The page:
Open Access Minireview Article

Mucosal Opened Cavities as the Organ of Increased Resistance and Effectiveness

M. V. Lakhtin, V. M. Lakhtin, S. S. Afanasiev, V. A. Aleshkin

Journal of Advances in Biology & Biotechnology, Page 1-10
DOI: 10.9734/JABB/2016/27478

New aspects of human mucosal cavity protection systems are under consideration. On the basis of own data it was suggested that mucosal cavities function as mucosal organs. New players of mucosal organ were proposed. They included system probiotic lectins and probiotic microorganisms, and system synthetic polymeric multivalence pattern glycoconjugates. Resulting interacting biotope pro/synbiotic system of microbes, lectins and glycoconjugates (mucin-like or imitating, antigens and others) was suggested to communicate to other glycoconjugates-recognizing molecules and receptors of the human higher hierarchic protection systems. Conception of functioning mucosal organs is supported by own proposals, strategies, approaches, methods and algorithms. The data are also useful for constructing biotope pro/synbiotic microbiocenoses for application in medical biotechnology.


Open Access Original Research Article

Species Specific Activity of Digestive Enzymes in Two Freshwater Prawns Macrobrachium rosenbergii and Macrobrachium malcolmsonii Juveniles

Annamalai Asaikkutti, Periyakali Saravana Bhavan, Karuppaiya Vimala, Madhayan Karthik

Journal of Advances in Biology & Biotechnology, Page 1-8
DOI: 10.9734/JABB/2016/29404

Aim: The activity pattern of digestive enzymes (protease, amylase, lipase and cellulase) was studied in two species of freshwater prawns Macrobrachium rosenbergii and Macrobrachium malcolmsonii juveniles.

Study Design: Digestive capacity of individual species may vary. In order to see whether the activities of protease, amylase, lipase and cellulase in two species of freshwater prawns are more or less similar or not under a prescribed methodology.    

Methodology: The hepatopancreas of prawns was blended and suspended in 10 mM phosphate buffer. After centrifugation at 15,000 rpm for 5 min, the supernatant was collected and used as crude enzyme source for the assays of protease, amylase, lipase and cellulase activities by adopting the standard methods.

Results: The activity patterns of protease, amylase, lipase and cellulase were more or less similar in both the species studied. However, M. malcolmsonii showed little higher activities than that of               M. rosenbergii.    

Conclusion: There were no clear cut species specific activities of digestive enzymes observed between M. rosenbergii and M. malcolmsonii.


Open Access Original Research Article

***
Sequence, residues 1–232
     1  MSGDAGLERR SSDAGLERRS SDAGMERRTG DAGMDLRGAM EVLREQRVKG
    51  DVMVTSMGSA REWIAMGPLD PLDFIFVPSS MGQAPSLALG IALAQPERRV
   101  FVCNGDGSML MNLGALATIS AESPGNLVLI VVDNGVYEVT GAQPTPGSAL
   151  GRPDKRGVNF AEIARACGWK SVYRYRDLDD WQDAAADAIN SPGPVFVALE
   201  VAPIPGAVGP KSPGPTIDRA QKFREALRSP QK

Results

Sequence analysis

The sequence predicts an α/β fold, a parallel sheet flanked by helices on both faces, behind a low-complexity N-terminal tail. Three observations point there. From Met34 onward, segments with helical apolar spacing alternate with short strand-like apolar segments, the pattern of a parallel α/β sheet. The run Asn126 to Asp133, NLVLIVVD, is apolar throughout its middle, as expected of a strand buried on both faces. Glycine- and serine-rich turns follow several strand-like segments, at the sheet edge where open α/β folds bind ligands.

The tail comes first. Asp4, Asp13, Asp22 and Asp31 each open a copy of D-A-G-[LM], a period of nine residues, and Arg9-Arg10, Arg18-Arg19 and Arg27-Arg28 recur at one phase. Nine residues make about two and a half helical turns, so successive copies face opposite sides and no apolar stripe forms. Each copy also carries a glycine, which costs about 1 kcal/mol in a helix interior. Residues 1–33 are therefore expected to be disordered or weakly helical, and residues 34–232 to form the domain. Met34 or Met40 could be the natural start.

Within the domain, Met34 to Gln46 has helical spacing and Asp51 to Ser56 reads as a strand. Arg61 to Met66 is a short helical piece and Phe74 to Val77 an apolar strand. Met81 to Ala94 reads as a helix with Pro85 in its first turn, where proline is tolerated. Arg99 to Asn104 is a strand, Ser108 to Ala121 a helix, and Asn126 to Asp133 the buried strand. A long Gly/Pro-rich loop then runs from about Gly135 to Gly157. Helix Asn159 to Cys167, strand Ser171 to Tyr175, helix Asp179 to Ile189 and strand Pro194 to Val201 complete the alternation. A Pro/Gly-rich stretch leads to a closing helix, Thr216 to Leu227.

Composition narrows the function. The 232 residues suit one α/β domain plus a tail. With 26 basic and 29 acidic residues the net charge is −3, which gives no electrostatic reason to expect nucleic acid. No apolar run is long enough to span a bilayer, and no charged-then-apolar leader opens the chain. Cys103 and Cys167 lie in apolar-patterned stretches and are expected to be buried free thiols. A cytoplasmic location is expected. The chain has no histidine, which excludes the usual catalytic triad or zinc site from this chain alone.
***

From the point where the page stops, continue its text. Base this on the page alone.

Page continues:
Genetic Structure and Geographical Relationship of Selected Colocasia esculenta [L. Schott] Germplasm Using SSRs

Valerie A. P. Palapala, Edome Peter Akwee

Journal of Advances in Biology & Biotechnology, Page 1-14
DOI: 10.9734/JABB/2016/28479

Aims: SSR markers were used to infer population genetic structure variability in taro cultivars with the objective of characterizing the allelic diversity of each geographical population.

Place and Duration of Study: Masinde Muliro University of Science and Technology and Beca Hub, ILRI, Nairobi.

Methodology: Six highly polymorphic SSR markers widely distributed in taro population genome were used in genotype 50 cultivars collected from Kenya and a taro genebank (SPC Tarogen).

Results: The average polymorphic loci was 87.88%. The highest Shannon information index was observed in the germplasm from Nyanza (1.04), Western (1.2) and Hawaii (1.11) and Malaysia (1.36). Only Malaysia and Thailand germplasm had allele unique to a single locus. The analysis of molecular variance (AMOVA) revealed that 70% of the variations found within individual taro accessions, 6% of variations among the taro populations and only 24% amongst individual taro genotypes and they were statistically significant (p<0.001). Principal component analysis clustered the taro germplam into different groups. In total 50.06% and 51.82% of the variation was explained by the first three principal components of the taro germplasm. Some of the Kenyan taro cultivars clustered together with the Tarogen germplasm.

Conclusion: The determination of genetic diversity is core function towards understanding taro genetic resources for varietal identification to rationalize its collection and safeguarding the existing genetic diversity for taro germplasm conservation, management and for potential utilization for food security.


Open Access Original Research Article